A couple of years ago, if you had done a Google search on the words “physical literacy”, you wouldn’t have found much. Today, the same search delivers more than 42 million hits.
Reflecting the increased awareness of physical literacy and its importance to child development, the NHL’s Calgary Flames, through its Flames Foundation for Life, are supporting a new 10-year study into physical literacy.
Researchers from Mount Royal University in Calgary, in partnership with the Cardel Place recreation centre, will begin by evaluating the current physical activity levels of 240 children aged four and five years, as well as their competence in various fundamental movement skills related to agility, balance, coordination and upper limb strength.
In the next ten years, half of the children will be exposed to a wide variety of physical activity and physical education experiences designed by researchers to develop physical literacy. The other half, the control group, will get exposure to those activities and sports their parents and schools provide.
“We will be designing activity programs that are purposeful and bring together three major influences on child development: recreation, sport and education,” says Mount Royal’s Dr. Dwayne Sheehan.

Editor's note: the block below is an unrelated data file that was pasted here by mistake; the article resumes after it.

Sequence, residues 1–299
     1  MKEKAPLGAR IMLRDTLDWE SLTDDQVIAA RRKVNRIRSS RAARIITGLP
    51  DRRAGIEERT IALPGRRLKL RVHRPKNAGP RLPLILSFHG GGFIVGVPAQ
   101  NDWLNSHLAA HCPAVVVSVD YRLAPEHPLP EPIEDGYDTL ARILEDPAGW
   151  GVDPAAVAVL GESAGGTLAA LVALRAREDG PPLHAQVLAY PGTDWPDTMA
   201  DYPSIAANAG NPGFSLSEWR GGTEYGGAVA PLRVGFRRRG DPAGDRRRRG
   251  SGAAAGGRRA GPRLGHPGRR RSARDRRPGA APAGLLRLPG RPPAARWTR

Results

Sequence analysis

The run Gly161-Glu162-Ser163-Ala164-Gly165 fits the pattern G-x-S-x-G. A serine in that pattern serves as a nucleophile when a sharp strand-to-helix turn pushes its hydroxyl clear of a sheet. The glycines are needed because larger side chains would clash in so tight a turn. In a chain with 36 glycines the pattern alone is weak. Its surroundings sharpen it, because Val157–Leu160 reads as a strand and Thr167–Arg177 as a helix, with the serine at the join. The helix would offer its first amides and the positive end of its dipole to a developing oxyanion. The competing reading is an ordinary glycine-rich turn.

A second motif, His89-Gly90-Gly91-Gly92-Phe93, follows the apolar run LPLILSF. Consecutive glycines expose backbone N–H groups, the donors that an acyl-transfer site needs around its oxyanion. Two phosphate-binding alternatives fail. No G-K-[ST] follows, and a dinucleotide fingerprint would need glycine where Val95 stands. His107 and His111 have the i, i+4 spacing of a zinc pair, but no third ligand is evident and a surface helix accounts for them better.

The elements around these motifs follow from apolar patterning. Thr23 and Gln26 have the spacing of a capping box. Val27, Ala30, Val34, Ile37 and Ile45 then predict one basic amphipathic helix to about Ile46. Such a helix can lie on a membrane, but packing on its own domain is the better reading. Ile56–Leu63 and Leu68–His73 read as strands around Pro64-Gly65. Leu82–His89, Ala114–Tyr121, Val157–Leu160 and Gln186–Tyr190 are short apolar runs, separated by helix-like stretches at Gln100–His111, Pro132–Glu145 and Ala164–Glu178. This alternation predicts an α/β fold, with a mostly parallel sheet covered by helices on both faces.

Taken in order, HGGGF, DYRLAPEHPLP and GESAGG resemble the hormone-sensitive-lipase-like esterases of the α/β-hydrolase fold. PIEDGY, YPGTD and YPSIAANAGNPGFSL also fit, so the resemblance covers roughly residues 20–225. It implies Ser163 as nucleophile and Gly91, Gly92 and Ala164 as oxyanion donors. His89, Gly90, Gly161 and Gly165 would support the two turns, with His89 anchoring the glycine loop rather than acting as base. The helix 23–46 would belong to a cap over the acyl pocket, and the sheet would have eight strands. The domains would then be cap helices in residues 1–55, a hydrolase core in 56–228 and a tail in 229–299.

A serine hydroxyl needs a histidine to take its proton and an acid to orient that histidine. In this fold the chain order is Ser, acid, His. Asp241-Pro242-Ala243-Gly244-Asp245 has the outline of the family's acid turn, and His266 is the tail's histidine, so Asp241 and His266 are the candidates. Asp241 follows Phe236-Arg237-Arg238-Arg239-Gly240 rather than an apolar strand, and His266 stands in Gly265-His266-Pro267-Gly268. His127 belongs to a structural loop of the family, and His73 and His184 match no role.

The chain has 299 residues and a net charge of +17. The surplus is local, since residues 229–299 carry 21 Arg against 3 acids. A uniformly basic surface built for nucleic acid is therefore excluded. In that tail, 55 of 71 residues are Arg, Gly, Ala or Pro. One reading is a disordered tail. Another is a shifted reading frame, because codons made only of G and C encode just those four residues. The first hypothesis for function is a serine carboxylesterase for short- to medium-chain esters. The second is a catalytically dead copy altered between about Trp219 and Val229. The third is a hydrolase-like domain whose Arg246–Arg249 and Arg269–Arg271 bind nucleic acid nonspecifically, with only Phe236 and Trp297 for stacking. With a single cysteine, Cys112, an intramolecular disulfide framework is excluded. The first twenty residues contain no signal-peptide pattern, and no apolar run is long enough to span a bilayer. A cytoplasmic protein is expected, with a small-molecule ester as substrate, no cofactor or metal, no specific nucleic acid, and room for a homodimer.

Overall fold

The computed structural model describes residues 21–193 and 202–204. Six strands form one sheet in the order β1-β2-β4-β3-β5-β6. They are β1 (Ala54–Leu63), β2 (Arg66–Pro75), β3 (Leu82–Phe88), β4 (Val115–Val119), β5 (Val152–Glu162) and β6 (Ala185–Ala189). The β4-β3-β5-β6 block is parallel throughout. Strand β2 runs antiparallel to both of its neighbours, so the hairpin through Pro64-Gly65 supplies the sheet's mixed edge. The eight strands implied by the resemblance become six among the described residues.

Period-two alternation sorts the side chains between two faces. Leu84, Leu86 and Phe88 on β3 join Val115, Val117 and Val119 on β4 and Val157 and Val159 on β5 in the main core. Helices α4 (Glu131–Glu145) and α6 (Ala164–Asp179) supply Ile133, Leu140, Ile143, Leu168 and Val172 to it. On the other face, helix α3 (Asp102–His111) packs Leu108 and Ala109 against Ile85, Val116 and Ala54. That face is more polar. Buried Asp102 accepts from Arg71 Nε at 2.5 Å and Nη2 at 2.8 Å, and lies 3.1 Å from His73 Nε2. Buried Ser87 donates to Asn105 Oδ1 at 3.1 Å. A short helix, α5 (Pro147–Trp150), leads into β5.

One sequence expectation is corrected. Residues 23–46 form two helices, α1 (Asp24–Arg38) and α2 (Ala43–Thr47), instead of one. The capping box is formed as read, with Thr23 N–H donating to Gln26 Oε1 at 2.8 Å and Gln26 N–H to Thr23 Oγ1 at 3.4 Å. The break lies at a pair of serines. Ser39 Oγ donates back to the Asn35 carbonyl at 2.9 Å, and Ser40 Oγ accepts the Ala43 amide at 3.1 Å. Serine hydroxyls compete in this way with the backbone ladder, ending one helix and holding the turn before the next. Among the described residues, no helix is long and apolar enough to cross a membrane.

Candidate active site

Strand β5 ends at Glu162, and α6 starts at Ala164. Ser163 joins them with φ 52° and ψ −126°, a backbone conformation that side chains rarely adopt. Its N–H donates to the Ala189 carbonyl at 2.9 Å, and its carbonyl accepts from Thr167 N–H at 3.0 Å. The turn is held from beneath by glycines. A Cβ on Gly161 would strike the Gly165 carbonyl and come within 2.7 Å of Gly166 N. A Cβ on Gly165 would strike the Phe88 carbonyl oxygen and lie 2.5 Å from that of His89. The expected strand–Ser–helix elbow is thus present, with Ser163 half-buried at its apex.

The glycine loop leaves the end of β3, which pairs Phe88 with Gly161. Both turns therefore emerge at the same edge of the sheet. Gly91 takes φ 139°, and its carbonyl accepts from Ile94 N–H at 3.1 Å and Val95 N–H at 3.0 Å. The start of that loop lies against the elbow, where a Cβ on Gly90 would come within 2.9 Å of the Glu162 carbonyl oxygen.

In each of the next ten years, the researchers will retest the 240 children to see how the two groups compare in their development of fundamental movement skills and physical literacy. Researchers will also compare the overall activity levels of the two groups to see if the children who are intentionally taught fundamental movement skills are more active than the control group.
They will also look to see if the children have greater knowledge of or changed attitudes towards physical activity.
The Flames Foundation for Life has contributed a quarter of the $400,000 budget for the initial phase of the study, with the rest of the cost shared between Cardel Place and the Allan J. Markin Foundation.
“This study is going to provide valuable evidence about the effectiveness of intentional programming on physical literacy,” says Sheehan. “As well, it will hopefully provide a program model that we can disseminate for other recreation centres to use. The long-term goal is to see what kinds of activities and programming approaches to exercise will best encourage kids to stay active.”